Like most kids my age, I was fascinated with sports.

Growing up hockey was my favorite sport. My love for hockey came from my Dad and I was always awe struck by the athleticism and toughness hockey players displayed.

There was another sport that I enjoyed that I wouldn’t come to fully appreciate until I had the privilege to step in the squared circle… pro wrestling.

In Pittsburgh, you have the reverence of the Studio Wrestling days and the mythical persona of Bruno Sammartino.

As I would find out as my professional wrestling career progressed, everybody in Pittsburgh has a Bruno story which only adds to his legendary status.

In the 1980s, there were plenty of options to read about or watch pro wrestling on TV.

This was the era that started my love of pro wrestling.

The tradition, storytelling and bloody feuds of the territory days with promotions under the NWA umbrella, AWA and more were so compelling you wanted more. Then you had all the pomp and circumstance of the WWF and its larger than life characters.

How could not love pro wrestling?

The men that intrigued me most were Ric Flair and the Four Horsemen, Dusty Rhodes, Playboy Buddy Rose, George Steele, Harley Race, Andre The Giant and Curt Hennig to name a few.

The man that really hooked me though was Roddy Piper. He was unpredictable but calculated. Unhinged but the smartest guy in the building. Every word and action meant something. Just the coolest guy on my TV. He was must see each and every week.

As the ’90s hit and my interest in a certain girl and what the future may hold increased, I found the time I used to dedicate to pro wrestling faded.

As the Attitude Era and the Monday Night Wars heated up so did my interest back into pro wrestling. A group of us friends would get together every Monday and for pay-per-views, eating food, laughing and watching wrestling and dreaming of becoming pro wrestlers ourselves. NSWA, The K Dome, Bader St. and Voskamp St. hold so many fond memories.

A friend, Skippy Hawke, found a local pro wrestling school and signed up weeks later. Soon after Shawn Blanchard and I started training and, as they say, the rest is history.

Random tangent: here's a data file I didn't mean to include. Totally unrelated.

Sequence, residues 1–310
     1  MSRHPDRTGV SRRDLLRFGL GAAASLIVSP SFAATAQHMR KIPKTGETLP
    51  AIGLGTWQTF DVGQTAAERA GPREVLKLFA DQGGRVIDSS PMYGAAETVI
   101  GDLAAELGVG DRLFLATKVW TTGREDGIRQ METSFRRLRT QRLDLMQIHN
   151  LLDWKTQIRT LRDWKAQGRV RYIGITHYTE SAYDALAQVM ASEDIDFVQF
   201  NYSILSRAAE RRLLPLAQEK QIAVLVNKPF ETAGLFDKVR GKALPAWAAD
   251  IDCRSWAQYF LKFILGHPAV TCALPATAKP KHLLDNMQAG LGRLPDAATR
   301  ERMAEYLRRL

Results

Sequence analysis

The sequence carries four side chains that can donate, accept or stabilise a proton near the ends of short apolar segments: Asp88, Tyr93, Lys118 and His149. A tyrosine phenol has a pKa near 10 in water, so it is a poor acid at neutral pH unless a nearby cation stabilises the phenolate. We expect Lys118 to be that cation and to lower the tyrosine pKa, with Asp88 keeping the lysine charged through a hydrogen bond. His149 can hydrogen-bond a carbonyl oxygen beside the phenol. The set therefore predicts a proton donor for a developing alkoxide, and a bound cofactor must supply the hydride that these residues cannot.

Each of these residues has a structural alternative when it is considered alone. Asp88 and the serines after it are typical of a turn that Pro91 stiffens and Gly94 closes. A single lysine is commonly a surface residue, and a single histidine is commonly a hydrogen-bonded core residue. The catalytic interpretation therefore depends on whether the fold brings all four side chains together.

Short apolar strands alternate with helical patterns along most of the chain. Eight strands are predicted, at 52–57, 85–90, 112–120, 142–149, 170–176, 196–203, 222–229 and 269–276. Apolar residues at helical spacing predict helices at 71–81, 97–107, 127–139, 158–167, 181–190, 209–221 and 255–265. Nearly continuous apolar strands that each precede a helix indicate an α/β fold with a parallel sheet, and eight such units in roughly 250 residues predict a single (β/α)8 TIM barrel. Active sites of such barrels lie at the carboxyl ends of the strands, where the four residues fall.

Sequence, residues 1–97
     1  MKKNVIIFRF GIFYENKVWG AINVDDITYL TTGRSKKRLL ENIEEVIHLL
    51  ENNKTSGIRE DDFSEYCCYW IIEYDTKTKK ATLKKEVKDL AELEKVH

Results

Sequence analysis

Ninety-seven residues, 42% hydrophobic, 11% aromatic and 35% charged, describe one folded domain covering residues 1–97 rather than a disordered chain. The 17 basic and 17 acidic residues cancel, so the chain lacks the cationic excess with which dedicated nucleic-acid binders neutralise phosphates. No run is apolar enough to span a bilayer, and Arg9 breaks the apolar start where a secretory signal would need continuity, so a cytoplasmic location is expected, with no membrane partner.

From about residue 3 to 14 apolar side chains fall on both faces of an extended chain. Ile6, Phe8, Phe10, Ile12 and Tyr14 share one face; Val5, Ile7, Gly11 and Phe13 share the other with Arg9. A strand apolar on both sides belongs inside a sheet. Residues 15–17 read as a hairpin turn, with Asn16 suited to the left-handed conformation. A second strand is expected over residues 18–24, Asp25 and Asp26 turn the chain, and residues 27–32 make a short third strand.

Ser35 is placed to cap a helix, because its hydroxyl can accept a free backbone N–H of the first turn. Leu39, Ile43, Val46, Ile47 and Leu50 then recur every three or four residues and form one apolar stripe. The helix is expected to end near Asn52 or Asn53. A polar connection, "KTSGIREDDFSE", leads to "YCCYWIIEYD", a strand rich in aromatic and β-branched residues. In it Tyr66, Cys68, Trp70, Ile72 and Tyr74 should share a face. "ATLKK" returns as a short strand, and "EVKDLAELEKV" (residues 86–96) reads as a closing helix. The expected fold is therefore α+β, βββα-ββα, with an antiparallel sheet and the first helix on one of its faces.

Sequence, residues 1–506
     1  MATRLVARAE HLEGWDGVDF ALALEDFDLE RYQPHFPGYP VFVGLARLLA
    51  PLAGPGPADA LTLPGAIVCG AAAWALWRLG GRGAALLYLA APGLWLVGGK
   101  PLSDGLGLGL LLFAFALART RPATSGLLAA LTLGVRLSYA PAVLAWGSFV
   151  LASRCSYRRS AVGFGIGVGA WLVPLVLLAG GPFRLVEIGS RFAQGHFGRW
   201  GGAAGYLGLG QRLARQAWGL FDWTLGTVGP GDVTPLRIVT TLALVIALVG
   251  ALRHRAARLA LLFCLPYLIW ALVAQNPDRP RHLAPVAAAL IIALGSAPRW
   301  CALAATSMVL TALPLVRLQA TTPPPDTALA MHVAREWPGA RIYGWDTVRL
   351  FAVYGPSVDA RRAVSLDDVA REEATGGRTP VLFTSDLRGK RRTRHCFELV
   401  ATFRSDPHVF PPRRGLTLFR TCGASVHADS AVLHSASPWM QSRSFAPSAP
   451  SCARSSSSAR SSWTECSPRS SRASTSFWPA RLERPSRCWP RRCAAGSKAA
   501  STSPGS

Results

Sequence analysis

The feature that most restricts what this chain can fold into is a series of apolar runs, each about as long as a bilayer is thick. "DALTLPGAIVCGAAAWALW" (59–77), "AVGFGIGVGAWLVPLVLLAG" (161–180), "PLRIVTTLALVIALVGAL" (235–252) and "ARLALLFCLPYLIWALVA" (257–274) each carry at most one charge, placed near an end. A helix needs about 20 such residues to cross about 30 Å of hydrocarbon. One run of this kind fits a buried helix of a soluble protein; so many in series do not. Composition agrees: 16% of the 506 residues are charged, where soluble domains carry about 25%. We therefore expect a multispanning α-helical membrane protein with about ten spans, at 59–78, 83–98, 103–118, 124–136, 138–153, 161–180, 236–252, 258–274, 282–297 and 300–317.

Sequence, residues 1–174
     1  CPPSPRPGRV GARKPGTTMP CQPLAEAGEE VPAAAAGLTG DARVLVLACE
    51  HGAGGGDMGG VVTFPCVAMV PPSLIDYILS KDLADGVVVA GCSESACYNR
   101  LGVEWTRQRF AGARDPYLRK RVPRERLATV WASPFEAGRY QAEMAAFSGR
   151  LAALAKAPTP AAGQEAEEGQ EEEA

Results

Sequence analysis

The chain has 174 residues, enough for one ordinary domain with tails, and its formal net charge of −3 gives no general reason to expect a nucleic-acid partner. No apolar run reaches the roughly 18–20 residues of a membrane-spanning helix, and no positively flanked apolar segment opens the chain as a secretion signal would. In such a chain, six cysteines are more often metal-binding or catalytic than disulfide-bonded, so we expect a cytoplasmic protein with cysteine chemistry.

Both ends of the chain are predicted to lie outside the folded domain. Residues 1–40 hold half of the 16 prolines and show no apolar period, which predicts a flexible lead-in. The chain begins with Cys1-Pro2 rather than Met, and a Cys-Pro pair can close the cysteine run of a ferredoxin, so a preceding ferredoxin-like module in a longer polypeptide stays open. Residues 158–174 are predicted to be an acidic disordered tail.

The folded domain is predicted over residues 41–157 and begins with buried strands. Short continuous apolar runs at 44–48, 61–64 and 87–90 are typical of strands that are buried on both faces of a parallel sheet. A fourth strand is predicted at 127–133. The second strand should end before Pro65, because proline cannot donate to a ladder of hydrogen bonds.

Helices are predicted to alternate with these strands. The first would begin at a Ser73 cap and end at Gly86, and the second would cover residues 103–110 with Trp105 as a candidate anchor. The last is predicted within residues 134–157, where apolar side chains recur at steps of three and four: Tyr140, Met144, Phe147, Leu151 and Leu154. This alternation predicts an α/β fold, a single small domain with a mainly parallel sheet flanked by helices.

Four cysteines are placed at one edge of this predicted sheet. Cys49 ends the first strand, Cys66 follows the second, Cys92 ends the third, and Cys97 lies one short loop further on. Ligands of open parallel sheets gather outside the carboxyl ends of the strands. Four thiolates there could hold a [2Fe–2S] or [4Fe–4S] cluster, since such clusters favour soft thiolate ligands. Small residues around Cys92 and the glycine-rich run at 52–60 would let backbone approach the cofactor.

It was a good six to eight months of training before we got our chance. I wrestled under a mask the first few times (if you know, you know) and then “Dr. Devastation” Lou Martin was born.

Shawn Blanchard and I quickly meshed and The VIPs were formed. We cut our teeth in the WPWA before becoming founding members in the Keystone State Wrestling Alliance (KSWA).

Twenty years ago, the VIPs were The Latin Assassin, Lou Martin and Shawn Blanchard.

Blanchard and I and whatever iteration of The VIPs were always a staple of KSWA events and very successful. Title reigns, main events, high profile matches and running roughshod was what we did best. We were different in so many ways but had the same goal and that is what made us click.

Unfortunately things started to unravel after years of Blanchard’s constant negativity and bashing of Pittsburgh, my hometown, and its great people. It became too much. A change was needed, I was positive of that.

Blanchard fired the first shot in December 2019 by turning on me. It was the end of The VIPs. It was the day I woke up. It was the day that “The Face of Pittsburgh” Lou Martin was born.

I have always been proud of where I am from, a boy from the North Side of Pittsburgh. I have also been proud of what the KSWA has become.

The KSWA’s first event in February 2000 was a fundraiser and has become one of the hallmarks of the promotion to this day. Since the inception of KSWA we have participated in over 100 fundraising events. That is something I am very proud of.

Pittsburgh helping Pittsburgh.

The people I have met and the friendships forged through my 20+ years in the wrestling business have been life changing to say the least. The fans, without your support and enthusiasm we would not be able to do what we love event after event. For that I am forever grateful.

The wrestlers and their families who became my family, the countless people who helped make sure the events went off without a hitch, all of the organizations and businesses who teamed with KSWA and myself in particular.

My time associated with Connecting Champions mentoring kids and young adults with cancer who wanted to be professional wrestlers has been one of the most rewarding things I have ever done. The relationships I have built through this group have meant so much and I will always treasure them.

Last and certainly not least is my family. Without their support I am not sure I would have made it this long and I love you for that!

Now back inside the ring.

Lou Martin as KSWA champion. Photo by Howard Kernats

I have had the honor of winning many titles, trophies and awards during my time in the KSWA but being KSWA Heavyweight Champion tops them all. Knowing you are the standard barrier and representing the company at the highest level was something I always took seriously. My two KSWA Heavyweight title runs were two of the longest in the history of the company proving how important that belt is to me.

On Saturday, December 3rd, at FanFest I get another opportunity to become KSWA Heavyweight Champion against J-Ru.

These opportunities don’t come by very often so I am 100% focused on this match. I know what is at stake as I may never get a shot like this again. This match is different from the previous KSWA Heavyweight Title matches I have had in the past.

To me, this is the most important match of my career.

I am not just doing this for me. I am doing it for the fans. I am doing it for Pittsburgh.

I am ready to carry the mantle of KSWA Heavyweight champion once again and take it to new heights like never before.

Its MY destiny!

TOP PHOTO: Lou Martin outside for a KSWA bout in Pittsburgh. Photo by Howard Kernats